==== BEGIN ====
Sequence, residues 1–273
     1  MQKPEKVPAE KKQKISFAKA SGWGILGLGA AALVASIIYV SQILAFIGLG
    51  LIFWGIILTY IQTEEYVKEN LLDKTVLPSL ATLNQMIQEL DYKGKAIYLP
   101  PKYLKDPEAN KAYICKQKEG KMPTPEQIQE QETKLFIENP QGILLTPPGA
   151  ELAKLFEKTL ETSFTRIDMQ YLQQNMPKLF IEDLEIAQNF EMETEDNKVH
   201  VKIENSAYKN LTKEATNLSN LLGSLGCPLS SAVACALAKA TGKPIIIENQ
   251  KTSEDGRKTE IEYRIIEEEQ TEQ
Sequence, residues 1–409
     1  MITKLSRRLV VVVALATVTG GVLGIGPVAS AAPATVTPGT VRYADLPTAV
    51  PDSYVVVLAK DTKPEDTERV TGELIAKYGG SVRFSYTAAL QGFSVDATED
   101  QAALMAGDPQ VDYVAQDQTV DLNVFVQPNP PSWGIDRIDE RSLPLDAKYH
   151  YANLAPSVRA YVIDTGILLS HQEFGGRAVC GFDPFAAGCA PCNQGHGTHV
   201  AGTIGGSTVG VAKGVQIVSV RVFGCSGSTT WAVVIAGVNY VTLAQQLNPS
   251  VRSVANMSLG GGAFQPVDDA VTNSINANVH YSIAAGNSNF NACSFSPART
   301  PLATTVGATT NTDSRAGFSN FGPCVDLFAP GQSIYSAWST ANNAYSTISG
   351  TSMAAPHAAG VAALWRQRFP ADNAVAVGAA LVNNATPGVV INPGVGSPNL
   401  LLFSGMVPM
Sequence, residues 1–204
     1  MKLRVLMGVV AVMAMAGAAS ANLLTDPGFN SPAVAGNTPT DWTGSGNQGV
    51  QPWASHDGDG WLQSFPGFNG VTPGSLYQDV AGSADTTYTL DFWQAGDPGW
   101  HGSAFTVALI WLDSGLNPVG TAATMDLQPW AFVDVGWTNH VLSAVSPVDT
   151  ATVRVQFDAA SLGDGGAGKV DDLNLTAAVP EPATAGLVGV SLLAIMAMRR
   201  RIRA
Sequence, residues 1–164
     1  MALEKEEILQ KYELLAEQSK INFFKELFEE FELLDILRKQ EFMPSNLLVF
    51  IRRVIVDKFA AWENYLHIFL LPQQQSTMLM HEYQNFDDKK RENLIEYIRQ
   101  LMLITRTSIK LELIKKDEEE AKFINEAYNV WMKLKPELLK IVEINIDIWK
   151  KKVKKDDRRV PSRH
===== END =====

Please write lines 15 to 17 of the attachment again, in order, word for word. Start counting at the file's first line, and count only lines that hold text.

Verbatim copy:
   301  PLATTVGATT NTDSRAGFSN FGPCVDLFAP GQSIYSAWST ANNAYSTISG
   351  TSMAAPHAAG VAALWRQRFP ADNAVAVGAA LVNNATPGVV INPGVGSPNL
   401  LLFSGMVPM